Thai army chief accused of intimidation in crackdown probe
A leading human rights watchdog yesterday accused Thailand's army chief of trying to intimidate investigators investigating the military's role in a deadly crackdown on opposition street protests in 2010.
New York-based Human Rights Watch also criticised Commander-in-Chief Prayut Chan-O-Cha for suing a lawyer of ousted premier Thaksin Shinawatra for accusing the army of killing "Red Shirt" protesters.
Calling on the government to rein in Prayut, HRW said he had pressured the Justice Ministry's Department of Special Investigation over its probe into the deaths of more than 90 people, mostly civilians, in the 2010 unrest.
The DSI, the kingdom's highest criminal investigation body, has so far ordered inquests into the deaths of 19 of the victims, and said it wants to question soldiers in connection with the military operation.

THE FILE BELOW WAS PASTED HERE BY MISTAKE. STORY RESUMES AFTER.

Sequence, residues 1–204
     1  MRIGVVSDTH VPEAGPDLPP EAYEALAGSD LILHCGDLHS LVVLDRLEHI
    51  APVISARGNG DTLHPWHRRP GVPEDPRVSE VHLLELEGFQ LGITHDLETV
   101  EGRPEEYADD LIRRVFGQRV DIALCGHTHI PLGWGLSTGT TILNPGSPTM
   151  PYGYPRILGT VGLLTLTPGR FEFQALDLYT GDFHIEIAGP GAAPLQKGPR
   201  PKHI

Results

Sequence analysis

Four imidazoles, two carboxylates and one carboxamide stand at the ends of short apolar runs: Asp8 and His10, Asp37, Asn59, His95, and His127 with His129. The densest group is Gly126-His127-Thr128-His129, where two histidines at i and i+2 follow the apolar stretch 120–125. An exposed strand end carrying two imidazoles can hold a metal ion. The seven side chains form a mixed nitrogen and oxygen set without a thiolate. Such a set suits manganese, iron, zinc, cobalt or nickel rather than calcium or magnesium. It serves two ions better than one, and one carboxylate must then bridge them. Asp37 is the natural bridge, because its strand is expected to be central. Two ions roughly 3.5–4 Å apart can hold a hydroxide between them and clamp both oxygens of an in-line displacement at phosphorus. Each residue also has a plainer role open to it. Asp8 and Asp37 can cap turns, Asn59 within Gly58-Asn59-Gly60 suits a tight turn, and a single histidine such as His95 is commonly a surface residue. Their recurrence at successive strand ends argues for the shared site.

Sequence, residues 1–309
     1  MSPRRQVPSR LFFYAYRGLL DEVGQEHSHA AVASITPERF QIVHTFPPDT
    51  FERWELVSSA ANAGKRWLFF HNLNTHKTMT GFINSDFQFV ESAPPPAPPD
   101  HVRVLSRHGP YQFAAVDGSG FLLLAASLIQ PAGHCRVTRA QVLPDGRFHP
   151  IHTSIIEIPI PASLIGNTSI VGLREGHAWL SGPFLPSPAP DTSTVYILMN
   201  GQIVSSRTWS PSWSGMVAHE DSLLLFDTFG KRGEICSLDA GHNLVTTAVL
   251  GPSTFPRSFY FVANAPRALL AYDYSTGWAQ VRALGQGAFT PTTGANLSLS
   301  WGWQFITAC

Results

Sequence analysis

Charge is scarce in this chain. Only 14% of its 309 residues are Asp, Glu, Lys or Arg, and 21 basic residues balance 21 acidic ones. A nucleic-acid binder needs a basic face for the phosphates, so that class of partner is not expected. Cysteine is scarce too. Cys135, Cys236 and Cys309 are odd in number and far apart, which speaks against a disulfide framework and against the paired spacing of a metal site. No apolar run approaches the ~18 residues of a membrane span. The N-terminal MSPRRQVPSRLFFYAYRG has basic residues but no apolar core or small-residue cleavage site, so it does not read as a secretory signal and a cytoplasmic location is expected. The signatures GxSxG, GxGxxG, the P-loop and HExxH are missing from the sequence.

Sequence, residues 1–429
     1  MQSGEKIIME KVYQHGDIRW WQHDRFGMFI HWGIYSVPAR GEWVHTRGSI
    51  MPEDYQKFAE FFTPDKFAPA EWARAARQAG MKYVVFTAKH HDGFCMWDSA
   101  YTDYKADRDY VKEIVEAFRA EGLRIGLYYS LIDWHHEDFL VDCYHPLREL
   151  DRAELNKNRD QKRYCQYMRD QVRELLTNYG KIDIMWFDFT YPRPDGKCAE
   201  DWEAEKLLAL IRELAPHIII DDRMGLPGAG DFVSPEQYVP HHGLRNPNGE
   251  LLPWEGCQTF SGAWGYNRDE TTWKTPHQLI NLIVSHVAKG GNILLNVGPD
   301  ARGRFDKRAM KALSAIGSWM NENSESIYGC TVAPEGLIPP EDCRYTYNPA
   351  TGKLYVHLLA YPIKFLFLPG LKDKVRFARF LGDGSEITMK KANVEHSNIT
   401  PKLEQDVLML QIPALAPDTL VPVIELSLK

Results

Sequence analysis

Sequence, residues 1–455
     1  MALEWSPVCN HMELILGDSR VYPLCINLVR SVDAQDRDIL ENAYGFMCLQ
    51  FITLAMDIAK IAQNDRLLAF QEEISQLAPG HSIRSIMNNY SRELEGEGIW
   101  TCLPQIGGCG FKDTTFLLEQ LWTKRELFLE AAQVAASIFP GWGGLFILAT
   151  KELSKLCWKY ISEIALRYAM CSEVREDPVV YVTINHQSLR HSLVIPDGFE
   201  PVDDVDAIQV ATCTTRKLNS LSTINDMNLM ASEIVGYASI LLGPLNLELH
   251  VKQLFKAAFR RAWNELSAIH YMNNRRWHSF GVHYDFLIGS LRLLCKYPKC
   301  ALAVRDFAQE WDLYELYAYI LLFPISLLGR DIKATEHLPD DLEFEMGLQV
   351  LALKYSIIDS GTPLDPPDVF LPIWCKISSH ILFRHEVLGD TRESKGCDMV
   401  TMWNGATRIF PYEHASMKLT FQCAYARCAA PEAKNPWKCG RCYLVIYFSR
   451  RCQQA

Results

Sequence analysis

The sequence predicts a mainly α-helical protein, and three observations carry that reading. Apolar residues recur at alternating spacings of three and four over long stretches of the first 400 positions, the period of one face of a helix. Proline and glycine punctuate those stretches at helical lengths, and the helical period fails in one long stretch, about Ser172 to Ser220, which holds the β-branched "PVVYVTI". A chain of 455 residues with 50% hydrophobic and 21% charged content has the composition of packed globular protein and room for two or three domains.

"Abuses by soldiers took place in full view of the Thai public and the world's media, yet the Thai army chief is now trying to intimidate investigators and critics into silence," said HRW's Asia director Brad Adams.
"Instead of going after his critics, he should be ensuring accountability within his ranks."
There have been no prosecutions over the killings despite an election pledge by current Prime Minister Yingluck Shinawatra - Thaksin's sister - to seek justice for victims.
The human rights body's own investigation concluded that the military used "excessive and unnecessary lethal force" in the crackdown.
Prayut denies army abuses and has filed a defamation case against Thaksin's lawyer Robert Amsterdam for accusing the military of killing civilians in a speech in May.